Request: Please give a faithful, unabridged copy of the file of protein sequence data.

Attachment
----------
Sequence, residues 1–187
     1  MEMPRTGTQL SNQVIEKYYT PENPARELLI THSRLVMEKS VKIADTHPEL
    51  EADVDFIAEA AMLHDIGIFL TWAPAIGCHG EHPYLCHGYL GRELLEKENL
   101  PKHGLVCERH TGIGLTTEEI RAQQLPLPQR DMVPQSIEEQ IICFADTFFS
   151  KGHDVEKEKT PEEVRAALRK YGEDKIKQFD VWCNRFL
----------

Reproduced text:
Sequence, residues 1–187
     1  MEMPRTGTQL SNQVIEKYYT PENPARELLI THSRLVMEKS VKIADTHPEL
    51  EADVDFIAEA AMLHDIGIFL TWAPAIGCHG EHPYLCHGYL GRELLEKENL
   101  PKHGLVCERH TGIGLTTEEI RAQQLPLPQR DMVPQSIEEQ IICFADTFFS
   151  KGHDVEKEKT PEEVRAALRK YGEDKIKQFD VWCNRFL